Italian Bonds Face Up to Risk of Ratings Downgrade by Fitch

(Bloomberg) -- Italian bond investors are bracing for the risk of the second sovereign-rating downgrade in as many quarters as a recession threatens the government’s plan to rein in the budget deficit.

Societe Generale SA estimates the market is pricing in a 30 percent probability that Fitch Ratings will lower Italy’s ranking Friday by one step to BBB-, which would leave it one notch above investment grade. While the country will remain eligible for the main bond indexes even after such a cut, investor sentiment will likely worsen given the economic weakness, according to Commerzbank AG, which recommends positioning for a flattening of the nation’s yield curve.

Italian Bonds Face Up to Risk of Ratings Downgrade by Fitch

“Weaker economic growth has the potential to undermine all assumptions about the fiscal and political path in Italy, putting the investment grade ratings at risk,” Commerzbank strategists Christoph Rieger and Michael Leister wrote in a note to clients. “Italian macro data is becoming the number one market mover for euro bond markets.”

Fitch’s decision comes after markets close Friday, while Moody’s Investors Service is due to review Italy on March 15 and S&P Global Ratings on April 26. Moody’s already has the nation just one notch above junk, following a cut in October.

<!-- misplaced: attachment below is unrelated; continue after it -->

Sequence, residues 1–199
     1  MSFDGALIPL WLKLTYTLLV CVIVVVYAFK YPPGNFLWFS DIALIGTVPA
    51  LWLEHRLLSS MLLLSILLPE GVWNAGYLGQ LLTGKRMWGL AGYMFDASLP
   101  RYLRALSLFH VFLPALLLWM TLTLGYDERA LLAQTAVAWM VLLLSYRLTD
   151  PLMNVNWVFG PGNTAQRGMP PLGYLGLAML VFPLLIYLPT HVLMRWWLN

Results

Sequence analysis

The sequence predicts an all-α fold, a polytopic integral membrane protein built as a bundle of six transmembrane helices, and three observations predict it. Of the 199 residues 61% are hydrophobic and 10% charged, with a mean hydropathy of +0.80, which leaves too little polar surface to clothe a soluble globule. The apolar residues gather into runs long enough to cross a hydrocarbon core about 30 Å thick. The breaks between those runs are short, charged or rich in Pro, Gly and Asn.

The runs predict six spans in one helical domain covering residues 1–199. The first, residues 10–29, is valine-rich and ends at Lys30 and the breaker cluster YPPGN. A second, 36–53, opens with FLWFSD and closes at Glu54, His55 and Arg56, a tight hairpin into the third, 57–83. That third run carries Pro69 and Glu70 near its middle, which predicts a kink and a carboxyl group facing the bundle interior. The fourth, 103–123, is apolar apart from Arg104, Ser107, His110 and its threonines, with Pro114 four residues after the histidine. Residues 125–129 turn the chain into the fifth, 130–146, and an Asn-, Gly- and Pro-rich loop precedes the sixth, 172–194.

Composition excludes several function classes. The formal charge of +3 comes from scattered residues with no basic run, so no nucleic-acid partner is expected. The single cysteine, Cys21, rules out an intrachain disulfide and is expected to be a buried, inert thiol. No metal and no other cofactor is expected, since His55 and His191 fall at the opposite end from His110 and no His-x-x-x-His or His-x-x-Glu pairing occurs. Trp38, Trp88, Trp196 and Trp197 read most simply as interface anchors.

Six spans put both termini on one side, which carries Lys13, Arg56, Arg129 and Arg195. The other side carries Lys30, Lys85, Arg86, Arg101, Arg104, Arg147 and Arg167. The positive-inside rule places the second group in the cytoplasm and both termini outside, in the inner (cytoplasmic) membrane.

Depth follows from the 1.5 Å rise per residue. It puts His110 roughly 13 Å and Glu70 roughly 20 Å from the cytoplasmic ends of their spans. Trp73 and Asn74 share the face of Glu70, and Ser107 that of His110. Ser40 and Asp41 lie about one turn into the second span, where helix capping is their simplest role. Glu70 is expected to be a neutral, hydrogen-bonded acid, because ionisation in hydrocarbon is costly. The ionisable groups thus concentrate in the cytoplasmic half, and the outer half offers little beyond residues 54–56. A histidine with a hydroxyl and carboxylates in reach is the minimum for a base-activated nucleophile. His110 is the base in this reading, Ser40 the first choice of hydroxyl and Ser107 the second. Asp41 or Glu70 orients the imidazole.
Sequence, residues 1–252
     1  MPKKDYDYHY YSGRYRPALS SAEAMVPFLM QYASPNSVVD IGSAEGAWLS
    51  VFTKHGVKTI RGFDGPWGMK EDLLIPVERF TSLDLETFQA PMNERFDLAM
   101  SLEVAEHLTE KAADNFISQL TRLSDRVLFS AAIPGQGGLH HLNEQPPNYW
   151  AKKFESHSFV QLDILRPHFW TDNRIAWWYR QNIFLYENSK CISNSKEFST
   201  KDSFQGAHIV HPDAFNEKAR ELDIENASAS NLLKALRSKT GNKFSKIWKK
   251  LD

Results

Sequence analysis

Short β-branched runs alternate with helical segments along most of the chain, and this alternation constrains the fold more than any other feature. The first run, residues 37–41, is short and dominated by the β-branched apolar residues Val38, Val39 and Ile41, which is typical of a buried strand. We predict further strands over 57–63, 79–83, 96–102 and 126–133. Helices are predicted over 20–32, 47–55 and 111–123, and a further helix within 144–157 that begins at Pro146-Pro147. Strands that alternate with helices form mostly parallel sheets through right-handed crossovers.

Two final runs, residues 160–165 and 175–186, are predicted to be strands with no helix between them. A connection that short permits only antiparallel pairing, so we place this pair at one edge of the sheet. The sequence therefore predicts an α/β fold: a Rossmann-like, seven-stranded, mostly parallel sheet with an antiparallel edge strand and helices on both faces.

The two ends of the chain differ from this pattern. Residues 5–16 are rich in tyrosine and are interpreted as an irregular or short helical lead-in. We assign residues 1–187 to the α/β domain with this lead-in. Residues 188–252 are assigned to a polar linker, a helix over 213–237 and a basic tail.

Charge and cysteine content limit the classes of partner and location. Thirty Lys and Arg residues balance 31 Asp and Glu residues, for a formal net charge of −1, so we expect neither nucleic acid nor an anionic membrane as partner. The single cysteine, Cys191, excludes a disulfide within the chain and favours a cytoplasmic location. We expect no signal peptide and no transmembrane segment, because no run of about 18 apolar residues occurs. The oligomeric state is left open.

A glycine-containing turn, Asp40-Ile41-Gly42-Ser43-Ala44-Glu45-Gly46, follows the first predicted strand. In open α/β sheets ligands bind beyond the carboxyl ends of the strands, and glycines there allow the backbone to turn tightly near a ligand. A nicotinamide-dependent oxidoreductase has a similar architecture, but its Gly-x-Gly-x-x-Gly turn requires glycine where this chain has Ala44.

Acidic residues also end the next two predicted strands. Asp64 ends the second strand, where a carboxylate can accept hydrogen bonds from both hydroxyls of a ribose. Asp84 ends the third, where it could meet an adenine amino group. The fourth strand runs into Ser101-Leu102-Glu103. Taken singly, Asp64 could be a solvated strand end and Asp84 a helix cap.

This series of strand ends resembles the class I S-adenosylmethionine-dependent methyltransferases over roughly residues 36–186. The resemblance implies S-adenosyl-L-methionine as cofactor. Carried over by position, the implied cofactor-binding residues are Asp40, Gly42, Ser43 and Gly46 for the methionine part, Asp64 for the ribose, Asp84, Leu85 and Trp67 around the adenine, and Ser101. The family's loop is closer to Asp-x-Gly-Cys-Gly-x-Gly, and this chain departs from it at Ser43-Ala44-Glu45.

While Italian bonds have recovered a sense of stability after enduring a couple of meltdowns last year, the outlook is still hazy. The economy contracted in the second half of 2018, casting serious doubt on the populist government’s plan to keep its deficit below the European Union’s 3 percent limit.

The League-Five Star Movement coalition’s spending plans make Italy “a factor of contagion risk for the entire euro area,” newspaper La Repubblica cited a draft of the European Commission’s annual report as saying.

Italian 10-year yields rose three basis points Friday to 2.86 percent as of 10 a.m. in London, widening the premium over German bunds by four basis points to 275. The spread touched a five-year high of 340 basis points in October.

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